A House panel on Tuesday gave a nod to a bill requiring public employers to use a federal electronic verification system to check the work eligibility of new hires.

The Public Utilities and Technology Committee voted 9-1 to send HB98 to the House floor for debate, after a hearing in which sponsor Rep. Glenn Donnelson, R-North Ogden, portrayed the issue as one of identity theft.

Although Donnelson did not mention illegal immigration, the bill would be used to make sure employees are in this country legally. It is the first of several measures dealing with illegal immigration that lawmakers will consider this year and is also one of at least three that deal with employment verification.

Donnelson portrayed the problem of identity theft as "an extremely serious growing problem" in which parents with bad credit, child molesters and deadbeat parents are using phony Social Security numbers to avoid detection.

After the meeting, he declined to say whether the overwhelming support is a positive sign for other measures dealing with illegal immigration he's sponsoring, including a repeal of a law allowing some undocumented students to pay in-state tuition.

"I crafted this one for identity theft," Donnelson said. "We have to get a hold of this as a state."

Assistant Attorney General Richard Hamp said the Department of Workforce Services reported last year that 20,025 Social Security numbers were being used by more than one person. He also said that illegal immigration is responsible for more than 90 percent of the workplace identity theft cases he sees.

Questions from the committee focused mainly on the effectiveness of the program and whether or not it was redundant with criminal background checks already required for many of the jobs covered under the bill.

HB98 would require public employers, ranging from the state to school districts to independent entities such as the Dairy Commission and the Heber Valley Railroad, participate in the Internet-based federal E-Verify program. The program, formerly called Basic Pilot, is currently an optional program in which employers enter a new hire's name, date of birth and Social Security number. Those are checked with federal databases and an employer is told whether it's a matching identity.

Rep. Rebecca Chavez-Houck, D-Salt Lake, the only dissenter, said she's concerned about the number of bills seeming to deal with just one side of the issue. She was also concerned about the focus on criminals, given that the program was designed to check work eligibility.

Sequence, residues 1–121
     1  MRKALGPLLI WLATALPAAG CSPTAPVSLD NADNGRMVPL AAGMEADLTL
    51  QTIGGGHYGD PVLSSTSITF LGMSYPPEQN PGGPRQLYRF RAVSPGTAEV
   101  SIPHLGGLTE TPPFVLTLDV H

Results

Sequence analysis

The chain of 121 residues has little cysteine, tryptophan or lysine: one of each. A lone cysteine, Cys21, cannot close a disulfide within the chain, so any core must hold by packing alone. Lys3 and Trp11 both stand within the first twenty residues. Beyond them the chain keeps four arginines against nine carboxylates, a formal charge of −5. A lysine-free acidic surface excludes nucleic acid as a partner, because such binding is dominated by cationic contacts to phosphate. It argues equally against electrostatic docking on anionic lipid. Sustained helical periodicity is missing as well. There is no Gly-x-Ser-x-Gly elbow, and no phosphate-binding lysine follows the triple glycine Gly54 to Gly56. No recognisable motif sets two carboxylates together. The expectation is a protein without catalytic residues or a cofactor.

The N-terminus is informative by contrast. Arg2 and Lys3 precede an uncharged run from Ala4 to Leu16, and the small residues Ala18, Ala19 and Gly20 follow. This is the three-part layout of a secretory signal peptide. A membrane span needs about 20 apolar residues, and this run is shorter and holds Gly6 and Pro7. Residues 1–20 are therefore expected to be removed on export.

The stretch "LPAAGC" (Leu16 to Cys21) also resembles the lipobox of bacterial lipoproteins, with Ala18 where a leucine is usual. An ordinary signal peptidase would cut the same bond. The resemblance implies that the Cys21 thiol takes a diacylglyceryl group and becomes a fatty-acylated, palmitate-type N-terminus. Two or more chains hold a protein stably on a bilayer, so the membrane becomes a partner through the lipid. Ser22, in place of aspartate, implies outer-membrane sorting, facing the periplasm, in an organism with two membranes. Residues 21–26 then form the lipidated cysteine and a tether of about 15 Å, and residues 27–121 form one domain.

"Are we focusing on people who are not authorized to work here, or the latter?" Chavez-Houck said. "It confuses the issue. I don't want to see everybody rolled up in the same net."

Sen. Bill Hickman, R-St. George, who is drafting a comprehensive measure that will include Donnelson's provision saw Tuesday's vote as a positive sign.

"The citizens of this state want the Legislature to take some action. We're seeing a number of pieces of legislation," he said. "They're all good pieces of legislation. I hope my bill, which is more encompassing of all those issues, will be acceptable."

Immigration Attorney Roger Tsai said the program was created "to find out if someone is authorized to work in the United States." It was used by roughly 33,000 employers nationwide as of late last year.

The program has an 0.81 percent error rate, which is higher for legal non-citizens than it is for U.S. citizens. Employees wrongfully tagged as unauthorized have 10 days to clear up the issue with the Social Security Administration or U.S. Customs and Immigration Enforcement, he said.

"A lot of employers are happy about this system ... it gives them peace of mind that their new hires are legal," Tsai said. "However, it's not 100 percent accurate."

There are efforts to get photos into the system for better verification. For now, it only catches identity theft in which an entire identity isn't stolen as was the case in 2006, when

1,282 employees using stolen identities were caught at Swift & Co. plants. The company used the Basic Pilot program.

Hamp said the Swift case represents a minority of cases in which more sophisticated identity theft is used, since he said, most of the time, workers steal only a Social Security number.

"The majority of the cases would be caught by it," Hamp said. "If you start catching those, it would drive the sophisticate form. But it would eliminate a lot of it. The more sophisticated you make the theft, the less people will be able to pull it off."

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